India on Man on the Moon
A commemorative postage stamp on Apollo 11, the spaceflight that landed the first two people on the Moon :
Issued on Nov 19, 1969
Issued for : While complimenting the astronauts of Apollo 11, Edwin Aldrin, Michael Collins and Neil Armstrong, the Indian P & T Department wishes to express its good wishes and appreciation for their achievement. At the same time, the Department wishes the astronauts of Apollo 12 a happy landing and safe return to the good old earth. In token of admiration of this memorable event, the P & T Department has great pleasure in issuing a commemorative stamp depicting ‘Man on the Moon’.
Description of Design : The design of the stamp is vertical and depicts a man on the moon with the Lunar Module and Earth in the background.
Type : Stamp, Mint Condition
Colour : Raw Sienna
Denomination : 20 Paisa
Overall Size : 4.06 X 2.28 cms.
Printing Size : 3.80 X 2.00 cms.
Perforation : 14½ x 14
Watermark : Printed on unwatermarked Adhesive stamp paper
Number Printed : 30,00,000
Number per issue Sheet : 50
Printing Process : Photogravure
Designed and Printed at : India Security Press
- “Stimulant of man’s poetic utterances, arbiter of his amours, assistant at his nocturnal activities and the dictator of his nautical enterprises, the moon for all its familiarity always remained an enigma.”
- Fifteen years ago, talk of sending man to the moon would have been dismissed as sheer ‘moon-shine’, but today, such a fantastic voyage is not only technologically feasible; it has become a reality. On July 20, 1969 when Neil Armstrong took man’s first, hesitant step on the moon surface, man’s conquest of space has taken a novel turn and assumed greater significance. That “One step for man” became “one giant leap for mankind.”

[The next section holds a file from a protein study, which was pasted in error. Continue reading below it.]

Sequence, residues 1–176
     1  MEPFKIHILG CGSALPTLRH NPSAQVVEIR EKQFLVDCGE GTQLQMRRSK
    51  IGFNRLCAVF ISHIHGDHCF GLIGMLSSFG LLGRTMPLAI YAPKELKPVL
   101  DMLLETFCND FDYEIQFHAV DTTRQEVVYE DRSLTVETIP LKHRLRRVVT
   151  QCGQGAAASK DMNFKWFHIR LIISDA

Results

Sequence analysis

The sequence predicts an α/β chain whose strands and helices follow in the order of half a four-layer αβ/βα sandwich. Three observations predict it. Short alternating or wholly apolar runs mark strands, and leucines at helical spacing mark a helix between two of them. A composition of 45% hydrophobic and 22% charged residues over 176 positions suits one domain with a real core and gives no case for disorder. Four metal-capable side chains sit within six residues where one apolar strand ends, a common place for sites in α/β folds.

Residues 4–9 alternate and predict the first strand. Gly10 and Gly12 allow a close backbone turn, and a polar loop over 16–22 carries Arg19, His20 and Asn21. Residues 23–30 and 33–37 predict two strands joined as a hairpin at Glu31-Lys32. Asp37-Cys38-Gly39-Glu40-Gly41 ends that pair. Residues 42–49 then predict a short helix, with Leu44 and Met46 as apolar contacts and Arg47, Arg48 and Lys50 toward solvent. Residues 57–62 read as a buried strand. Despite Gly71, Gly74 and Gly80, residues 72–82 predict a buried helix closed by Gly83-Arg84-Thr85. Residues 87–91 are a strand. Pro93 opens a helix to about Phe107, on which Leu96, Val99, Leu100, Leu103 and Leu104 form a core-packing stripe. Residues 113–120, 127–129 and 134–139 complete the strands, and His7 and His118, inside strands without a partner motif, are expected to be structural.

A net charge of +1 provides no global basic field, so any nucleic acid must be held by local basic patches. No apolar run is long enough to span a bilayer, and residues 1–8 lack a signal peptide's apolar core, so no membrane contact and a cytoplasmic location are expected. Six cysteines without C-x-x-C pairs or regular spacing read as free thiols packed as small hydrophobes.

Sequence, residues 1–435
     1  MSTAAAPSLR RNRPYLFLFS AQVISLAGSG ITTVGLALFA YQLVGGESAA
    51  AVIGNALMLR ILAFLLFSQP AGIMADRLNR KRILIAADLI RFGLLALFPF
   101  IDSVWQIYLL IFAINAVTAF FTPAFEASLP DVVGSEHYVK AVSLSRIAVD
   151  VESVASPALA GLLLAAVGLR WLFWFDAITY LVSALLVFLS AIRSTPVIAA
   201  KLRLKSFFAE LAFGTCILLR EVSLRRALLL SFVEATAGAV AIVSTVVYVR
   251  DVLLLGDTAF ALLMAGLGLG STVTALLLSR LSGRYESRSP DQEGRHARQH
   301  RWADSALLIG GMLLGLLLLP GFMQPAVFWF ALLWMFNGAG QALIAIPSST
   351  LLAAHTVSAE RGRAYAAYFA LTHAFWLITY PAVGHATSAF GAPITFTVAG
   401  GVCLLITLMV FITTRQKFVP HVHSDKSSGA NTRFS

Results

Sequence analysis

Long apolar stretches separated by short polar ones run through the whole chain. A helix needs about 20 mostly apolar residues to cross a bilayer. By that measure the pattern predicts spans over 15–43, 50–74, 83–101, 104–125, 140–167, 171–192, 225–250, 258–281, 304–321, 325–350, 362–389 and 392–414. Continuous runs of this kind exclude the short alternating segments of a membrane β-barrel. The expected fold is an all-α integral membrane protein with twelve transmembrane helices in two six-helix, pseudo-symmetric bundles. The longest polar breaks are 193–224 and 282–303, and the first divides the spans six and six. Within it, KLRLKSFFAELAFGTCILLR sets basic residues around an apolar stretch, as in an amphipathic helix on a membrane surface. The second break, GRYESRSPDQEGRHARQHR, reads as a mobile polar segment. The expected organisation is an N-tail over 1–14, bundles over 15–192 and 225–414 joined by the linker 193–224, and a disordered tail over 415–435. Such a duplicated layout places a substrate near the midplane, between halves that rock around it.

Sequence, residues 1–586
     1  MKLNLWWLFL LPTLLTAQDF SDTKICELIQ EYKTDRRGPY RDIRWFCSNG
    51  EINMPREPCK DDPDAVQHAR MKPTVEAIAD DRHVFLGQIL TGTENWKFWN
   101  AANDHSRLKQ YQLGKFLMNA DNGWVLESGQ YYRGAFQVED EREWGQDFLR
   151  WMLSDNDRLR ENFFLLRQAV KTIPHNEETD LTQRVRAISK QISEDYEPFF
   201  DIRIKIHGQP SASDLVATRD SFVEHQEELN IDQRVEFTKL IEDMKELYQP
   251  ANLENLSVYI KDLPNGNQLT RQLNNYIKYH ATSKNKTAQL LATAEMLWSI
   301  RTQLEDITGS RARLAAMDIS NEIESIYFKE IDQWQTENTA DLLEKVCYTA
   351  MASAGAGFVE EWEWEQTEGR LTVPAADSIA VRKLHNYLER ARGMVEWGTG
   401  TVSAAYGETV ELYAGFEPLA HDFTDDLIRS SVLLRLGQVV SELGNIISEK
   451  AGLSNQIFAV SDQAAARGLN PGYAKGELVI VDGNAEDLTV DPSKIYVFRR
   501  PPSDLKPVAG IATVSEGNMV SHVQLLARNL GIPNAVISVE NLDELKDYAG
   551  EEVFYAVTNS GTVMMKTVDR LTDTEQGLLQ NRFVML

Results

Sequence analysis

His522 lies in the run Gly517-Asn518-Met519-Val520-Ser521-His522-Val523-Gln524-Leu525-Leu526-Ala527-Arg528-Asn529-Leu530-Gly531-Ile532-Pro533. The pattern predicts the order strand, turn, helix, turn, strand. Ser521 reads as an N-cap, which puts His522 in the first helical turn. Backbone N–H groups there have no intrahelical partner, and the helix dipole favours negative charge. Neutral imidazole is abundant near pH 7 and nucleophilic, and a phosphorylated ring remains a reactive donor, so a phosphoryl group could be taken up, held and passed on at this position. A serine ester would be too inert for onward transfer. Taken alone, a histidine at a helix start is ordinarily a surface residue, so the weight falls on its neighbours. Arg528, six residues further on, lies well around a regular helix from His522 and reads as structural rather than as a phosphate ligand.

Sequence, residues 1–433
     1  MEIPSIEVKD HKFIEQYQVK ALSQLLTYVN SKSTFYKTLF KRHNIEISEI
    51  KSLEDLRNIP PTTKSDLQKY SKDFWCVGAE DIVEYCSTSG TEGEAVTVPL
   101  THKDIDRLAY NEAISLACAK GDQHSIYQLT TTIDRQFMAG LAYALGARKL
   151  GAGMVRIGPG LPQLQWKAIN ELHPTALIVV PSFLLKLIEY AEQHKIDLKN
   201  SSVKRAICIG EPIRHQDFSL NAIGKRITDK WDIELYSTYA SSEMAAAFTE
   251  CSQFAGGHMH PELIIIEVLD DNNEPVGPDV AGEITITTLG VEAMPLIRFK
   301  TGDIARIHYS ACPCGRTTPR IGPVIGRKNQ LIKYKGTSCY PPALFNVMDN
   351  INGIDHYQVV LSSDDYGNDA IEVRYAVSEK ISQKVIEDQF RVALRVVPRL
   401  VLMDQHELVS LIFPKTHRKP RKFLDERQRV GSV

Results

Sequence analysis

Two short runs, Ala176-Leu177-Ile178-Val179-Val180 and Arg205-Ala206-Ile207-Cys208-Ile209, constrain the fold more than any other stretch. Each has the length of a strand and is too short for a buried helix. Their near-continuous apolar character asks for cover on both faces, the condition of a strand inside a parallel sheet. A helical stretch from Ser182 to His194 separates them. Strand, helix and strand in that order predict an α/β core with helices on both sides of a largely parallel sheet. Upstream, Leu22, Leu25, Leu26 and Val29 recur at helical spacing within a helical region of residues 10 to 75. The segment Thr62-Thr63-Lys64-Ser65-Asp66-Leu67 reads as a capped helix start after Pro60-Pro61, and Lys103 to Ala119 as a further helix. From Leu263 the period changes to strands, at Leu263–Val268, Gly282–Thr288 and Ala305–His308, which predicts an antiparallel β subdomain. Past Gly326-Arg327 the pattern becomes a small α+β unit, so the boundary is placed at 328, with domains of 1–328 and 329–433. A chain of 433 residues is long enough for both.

- On May 25, 1961, President John F. Kennedy addressing the Joint Session of the United States Congress set forth the goal by saying, “I believe that this nation should commit itself to achieving the goal, before this decade is out of landing a man on the moon and returning him safely to earth….“ President Kennedy‘s prediction has been fulfilled with remarkable accuracy.
- Man’s landing on the moon has climaxed the most productive decade in the history of technology. The next 10 years should be just as fruitful. The exploration of the moon may further extend to other planets probably including Jupiter and Mercury. By 1980, scientists probably will have answered definitely the question whether there are life forms on Mars. Soviet Russia‘s attempt in putting a space platform is no mean achievement and will further facilitate man’s conquest of space.
- The tasks performed by the astronauts on the moon will help answer some of the questions about the earth’s closest cousin. But already man has discovered that moon is geologically as complicated as earth. The samples of rocks brought by the astronauts from the moon have been distributed to 142 scientists in 9 countries and by subjecting these priceless specimens to an unprecedented array of experiments, scientists hope to answer many of the questions man has pondered over for centuries.
- Hardly has the excitement caused by the landing of astronauts on the moon through the Apollo 11 mission subsided, when the United States of America has launched another space probe for landing man on the moon. Apollo 12 spacecraft carrying astronauts Charles Conrad, Jr., Richard F. Gordon, Jr., and Alan L. Bean, was expected to land on the moon surface on November 19, 1969.